That was one assumption in 1993 when a group of California organic farmers established OFRF to raise funds to support research that organic farmers would conduct on their own farms. They assumed research designed by farmers and carried out on certified organic farms would provide practical science-based answers to their production problems.
This approach was soon abandoned when it became clear that organic farmers had neither the time nor the research design expertise to do research on their own or to turn out project reports that could be widely shared. OFRF’s new approach, and the one followed now, emphasizes grower-researcher collaboration and research conducted on certified organic land.
OFRF also organized the Scientific Congress on Organic Agricultural Research (SCOAR), which brought organic farmers, researchers and others together to develop a national research agenda that catalogues and prioritizes organic research needs.
The national agenda project also developed guidelines for organic research that are widely supported and followed. These guidelines state that organic research should be conducted under certified organic conditions, involve organic producers as active team members, and emphasize multidisciplinary systems approaches rather than input-substitution approaches.
Organic Farmers Help Shape Funded Research Projects
The farmer-researcher partnership guidelines developed by SARE and OFRF are becoming the norm for both government and nonprofit organic research funding programs. The Organic Research Initiative of The Ceres Trust, for example, incorporated the guidelines into criteria used earlier this year in making competitive grants for organic research in the Midwest.
The Organic Agriculture Research and Extension Initiative (OREI), a national grantmaking program that provides $19 million a year for research and extension, requires all project field work to be done on certified organic land or land in transition to organic certification. Project advisory panels that include organic farmers also are strongly encouraged. Applicants also must meet the program’s guidelines for organic farmer involvement.
“USDA expects that applicants will consult with organic producers before developing project proposals,” the OREI request for applications states. “Producers and/or processors should play an important role in developing project goals and objectives, in implementing the plan, and in evaluating and disseminating project results and outcomes.”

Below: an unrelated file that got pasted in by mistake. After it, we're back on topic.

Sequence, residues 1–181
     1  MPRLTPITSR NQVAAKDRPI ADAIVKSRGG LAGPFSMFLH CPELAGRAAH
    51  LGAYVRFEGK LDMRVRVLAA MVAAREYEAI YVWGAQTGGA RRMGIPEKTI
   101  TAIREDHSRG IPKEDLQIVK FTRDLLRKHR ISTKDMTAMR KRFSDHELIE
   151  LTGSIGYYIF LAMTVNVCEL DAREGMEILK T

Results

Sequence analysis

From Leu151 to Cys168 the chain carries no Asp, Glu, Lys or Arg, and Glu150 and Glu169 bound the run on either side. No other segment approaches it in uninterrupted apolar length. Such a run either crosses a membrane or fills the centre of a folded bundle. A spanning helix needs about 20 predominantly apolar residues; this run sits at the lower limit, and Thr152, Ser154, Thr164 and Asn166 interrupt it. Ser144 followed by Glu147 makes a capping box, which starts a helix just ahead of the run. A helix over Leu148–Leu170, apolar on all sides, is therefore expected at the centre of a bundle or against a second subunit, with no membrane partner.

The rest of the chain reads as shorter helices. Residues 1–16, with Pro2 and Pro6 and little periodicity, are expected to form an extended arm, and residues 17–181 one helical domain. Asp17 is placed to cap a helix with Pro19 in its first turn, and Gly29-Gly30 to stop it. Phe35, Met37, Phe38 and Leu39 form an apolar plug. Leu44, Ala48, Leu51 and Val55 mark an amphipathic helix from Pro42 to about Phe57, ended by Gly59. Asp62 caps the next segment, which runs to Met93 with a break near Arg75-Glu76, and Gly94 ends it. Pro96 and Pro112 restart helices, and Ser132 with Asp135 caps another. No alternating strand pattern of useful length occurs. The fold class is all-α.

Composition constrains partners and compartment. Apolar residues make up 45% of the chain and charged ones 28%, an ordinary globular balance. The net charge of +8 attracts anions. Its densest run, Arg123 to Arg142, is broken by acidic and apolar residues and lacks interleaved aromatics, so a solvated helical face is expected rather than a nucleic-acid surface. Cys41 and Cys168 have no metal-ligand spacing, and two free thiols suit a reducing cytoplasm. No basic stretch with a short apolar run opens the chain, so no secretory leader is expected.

A related partnership challenge is how to bring organic farmers and organic researchers together at events where the results of this research collaboration are shared and discussed. There is a need for more research reporting opportunities at conferences, field days, workshops, and other events easily accessible to farmers.
Midwest Research Symposium
One successful new model was the Midwest Organic Research Symposium held in 2008 in La Crosse in conjunction with the Organic Farming Conference organized by Midwest Organic and Sustainable Education Services (MOSES) and the Organic Farming Research Foundation. Organic research reports and poster sessions authored by more than 100 scientists and graduate students were presented at this well-attended organic farming event.
The 2010 conference will bring farmers and researchers together again to share organic research results. This year research reports will be presented by organic researchers in six conference workshops. Research topics include weed seed predation, raising hogs in organic apple orchards, reducing tillage in organic vegetable operations, transitioning to organic production, ecological pest suppression in organic systems, and disease suppressive soils and composts.
Organic research still doesn’t get a fair share of the research funding available. But organic farmers, by taking advantage of opportunities to work more closely with organic researchers, are positioned to help make certain that the funding that is available supports project that address the problems they feel are most important.